Sunday, October 17, 2010

Tipping Point

Tomorrow's municipal election could be the catalyst or the turning back point for the city of Edmonton. To steal the title from Malcolm Gladwell's great book, a "Tipping Point" of sorts.

As a born and raised Edmontonian, I sense for the first time in my memory a point whereby Edmonton is ready to grow up. Though born in the 70s, I was too young to remember the drive and passion of a small, maverick city that brought forth an LRT (the first North American city of under one million people to do so), the Edmonton Coliseum and a Commonwealth Games. Unfortunately we have rarely shown that level of chutzpah since - that is until the last 4 or 5 years.

Recent years have demonstrated a desire for balanced and responsible growth. Growth that comes with an eye for design and a desire to bring people together. There has been an increased focus on proper planning, hence the outstanding vision in the downtown plan. There has been a desire to look into the future and dream what we can be rather than get caught up in where we've been or, in some minds, where we should remain.

Visions are hard to clarify or quantify. They're hypothetical, built on dreams and ideals. Regardless, they are important. Dreaming big is crucial and Edmonton is finally heading in that direction. A direction that will encourage young people to remain, and hopefully come, and veteran citizens to engage and be the link to our heritage and the belief that small can still mean influential.

The "Tipping Point" comes tomorrow. This election may well determine where we're heading. Is it on the same path we have tread the last 5 years or on one that puts us more firmly in place as a small outpost, content in the status quo. I guess it's up to us all to decide.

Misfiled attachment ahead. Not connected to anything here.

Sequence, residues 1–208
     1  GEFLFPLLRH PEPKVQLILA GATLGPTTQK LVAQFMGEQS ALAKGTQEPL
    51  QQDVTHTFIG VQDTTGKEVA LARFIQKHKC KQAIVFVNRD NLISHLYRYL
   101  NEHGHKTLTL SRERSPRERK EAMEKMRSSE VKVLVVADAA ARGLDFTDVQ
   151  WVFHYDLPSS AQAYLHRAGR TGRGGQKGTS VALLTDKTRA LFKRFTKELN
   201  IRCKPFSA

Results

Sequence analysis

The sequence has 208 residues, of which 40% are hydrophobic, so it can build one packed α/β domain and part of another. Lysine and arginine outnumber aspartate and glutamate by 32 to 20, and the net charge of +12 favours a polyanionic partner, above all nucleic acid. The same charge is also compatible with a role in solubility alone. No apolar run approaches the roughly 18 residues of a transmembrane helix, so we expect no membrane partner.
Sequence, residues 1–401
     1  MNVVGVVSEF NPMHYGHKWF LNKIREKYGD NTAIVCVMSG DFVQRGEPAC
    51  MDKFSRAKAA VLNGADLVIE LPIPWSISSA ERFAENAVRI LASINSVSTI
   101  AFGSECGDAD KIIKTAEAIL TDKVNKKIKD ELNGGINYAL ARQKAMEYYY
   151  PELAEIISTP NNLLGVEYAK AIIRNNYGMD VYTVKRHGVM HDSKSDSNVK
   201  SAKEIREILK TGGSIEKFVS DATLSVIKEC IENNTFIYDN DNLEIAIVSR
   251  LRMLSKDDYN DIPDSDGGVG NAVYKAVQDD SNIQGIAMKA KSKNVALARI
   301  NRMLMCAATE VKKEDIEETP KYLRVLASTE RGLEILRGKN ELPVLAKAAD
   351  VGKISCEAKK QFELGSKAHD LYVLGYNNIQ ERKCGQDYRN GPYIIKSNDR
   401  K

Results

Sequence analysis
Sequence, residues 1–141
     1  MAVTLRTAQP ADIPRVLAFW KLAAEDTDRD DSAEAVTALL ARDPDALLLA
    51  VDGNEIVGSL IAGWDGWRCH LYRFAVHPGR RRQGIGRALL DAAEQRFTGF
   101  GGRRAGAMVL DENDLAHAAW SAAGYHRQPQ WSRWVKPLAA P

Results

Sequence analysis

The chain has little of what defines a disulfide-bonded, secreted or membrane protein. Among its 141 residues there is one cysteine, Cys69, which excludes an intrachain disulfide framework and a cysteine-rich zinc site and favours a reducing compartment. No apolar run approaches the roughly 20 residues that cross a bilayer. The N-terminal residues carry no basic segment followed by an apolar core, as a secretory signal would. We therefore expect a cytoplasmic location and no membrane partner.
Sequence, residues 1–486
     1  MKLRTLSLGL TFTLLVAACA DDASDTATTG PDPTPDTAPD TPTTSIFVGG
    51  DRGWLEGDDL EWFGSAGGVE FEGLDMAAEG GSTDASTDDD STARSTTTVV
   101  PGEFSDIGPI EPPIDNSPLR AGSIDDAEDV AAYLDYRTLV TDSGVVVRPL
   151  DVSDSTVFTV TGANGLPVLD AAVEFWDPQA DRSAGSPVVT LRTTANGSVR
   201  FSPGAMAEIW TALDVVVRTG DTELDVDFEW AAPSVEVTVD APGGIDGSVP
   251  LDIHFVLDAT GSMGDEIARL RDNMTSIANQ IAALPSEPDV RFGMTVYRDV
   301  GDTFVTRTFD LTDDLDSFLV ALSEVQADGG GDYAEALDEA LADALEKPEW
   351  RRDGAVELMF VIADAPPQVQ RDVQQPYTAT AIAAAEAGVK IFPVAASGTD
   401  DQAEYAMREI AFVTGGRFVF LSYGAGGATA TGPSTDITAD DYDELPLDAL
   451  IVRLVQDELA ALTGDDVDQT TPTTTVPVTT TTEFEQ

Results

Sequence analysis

Thursday, June 3, 2010

The Light

When working to inspire ourselves or others we often talk about that light within us that we need to let burn. It’s that passion that motivates us to leap over buildings, deal with naysayers and develop visions so clear we can describe them in minute detail. I was reminded this evening of how important that drive is.

I attended Pecha Kucha 7 put on by Edmonton’s Next Gen (a committee I proudly sit on). It’s an event where presenters introduce their thoughts on a topic and have 20 slides and 20 seconds to present each slide. It’s a very fast moving, concise way to concretely present ideas. Presenters appear with different styles, levels of experience, nerves, and views. What struck me though was the passion each speaker demonstrated. Even if it was a topic I knew little about, the enthusiasm evident through the words and images made me care and want to listen. They live what they talked about and know they can have a positive impact in that space.

It reinforced to me how crucial it is for all of us to cultivate those diverse passions. Without them we float along marginally moved by things around us. With them you create momentum that results in growth and positive change. For me personally the light at times may flicker but tonight one went on realizing how important that it be there.

Sunday, May 2, 2010


I just returned from my aunt’s 70th birthday party. It was a pretty small gathering of family from great aunts and uncles to grandchildren. Obviously the events themselves were great with pictures and stories of my aunt, my grandparents and her siblings (including my dad). However, the reason I’m writing is more to see how the importance of family has been continual for us. We’ve always been a pretty tight knit family despite many being outside Edmonton. We don’t see each other a ton, say once or twice a year as a group, but it’s always pretty easy to reintegrate as if you see them regularly. This ease has always fascinated me and it was reinforced today that there’s history to how we value family.